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Nurse-1-1 launches to let patients text a nurse for health info

The service also helps users determine whether they actually need a doctor or not; it costs $12.5 per chat.

Nurse-1-1 launches to let patients text a nurse for health info

Nurse-1-1 is a new startup that aims to check patients before they visit a doctor or the ER, and by doing that it could not only save them some money, but also make the entire healthcare system that much more efficient.

The startup does this by enabling users to simply text a nurse, who will then be able to help them determine their next steps. Also, the service will also provide users/patients with some basic information about the problem and its severity.

Launched by former RunKeeper co-founder Michael Sheeley, Nurse-1-1 will connect users with physician assistants, nurse practitioners, and registered nurses via chat — which the company claims is already more popular for users than calling.

Ahead of the launch, the texting service was tested with over 1,200 patients and received interest from 190 nurses, who have since joined Nurse-1-1. It's free to end users if the patient's provider is signed up on Nurse-1-1. That's still not the case — though discussions are underway — and in the meantime, the service costs $12.50 per chat. In comparison, video visits generally go for around $49 or have co-pays of around $30 per visit.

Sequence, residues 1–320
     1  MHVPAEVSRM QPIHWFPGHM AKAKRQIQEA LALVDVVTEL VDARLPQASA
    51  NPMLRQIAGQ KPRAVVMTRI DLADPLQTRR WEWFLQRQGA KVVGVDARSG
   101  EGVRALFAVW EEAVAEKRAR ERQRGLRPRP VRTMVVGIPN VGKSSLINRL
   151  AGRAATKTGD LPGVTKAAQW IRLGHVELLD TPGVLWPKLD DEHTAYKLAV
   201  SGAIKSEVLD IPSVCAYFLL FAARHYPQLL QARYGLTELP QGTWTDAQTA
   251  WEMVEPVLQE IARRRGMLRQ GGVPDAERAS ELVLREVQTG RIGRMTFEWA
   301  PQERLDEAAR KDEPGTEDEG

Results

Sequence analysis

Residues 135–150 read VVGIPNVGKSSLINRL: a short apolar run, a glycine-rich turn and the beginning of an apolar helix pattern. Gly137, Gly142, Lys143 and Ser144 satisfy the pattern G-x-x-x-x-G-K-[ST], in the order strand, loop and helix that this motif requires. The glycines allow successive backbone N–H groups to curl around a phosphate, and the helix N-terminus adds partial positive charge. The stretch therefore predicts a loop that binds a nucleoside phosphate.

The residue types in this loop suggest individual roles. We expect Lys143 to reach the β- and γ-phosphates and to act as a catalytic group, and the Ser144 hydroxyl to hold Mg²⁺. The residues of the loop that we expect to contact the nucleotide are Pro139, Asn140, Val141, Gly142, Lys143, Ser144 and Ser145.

"The triage industry is a multi-billion dollar industry. When you call your doctor late at night and get that phone call back, it's usually a third-party service calling you. They charge $15 per call to these clinics and it's very low quality," Sheeley explains. "Our business model is to charge clinics only $12.50 per call… if your provider is on the platform, that money is charged to them, not to [patients]."

In the future, Nurse-1-1 may generate referrals to telemedicine providers, allowing it to earn referral fees, too.

Already, the company found that many of its customers are moms or moms-to-be, asking questions about pregnancy, kid's ailments, colds, flus, and the like. They are trying to figure out if they should visit an urgent care now, or see a doctor in the morning, for example.

The service is HIPAA-compliant, and works both via the web and through an iOS app. It is available across the U.S. because it's not actually prescribing or diagnosing. Nurse-1-1 hasn't raised outside funding, but may look to do a seed round in the near future.

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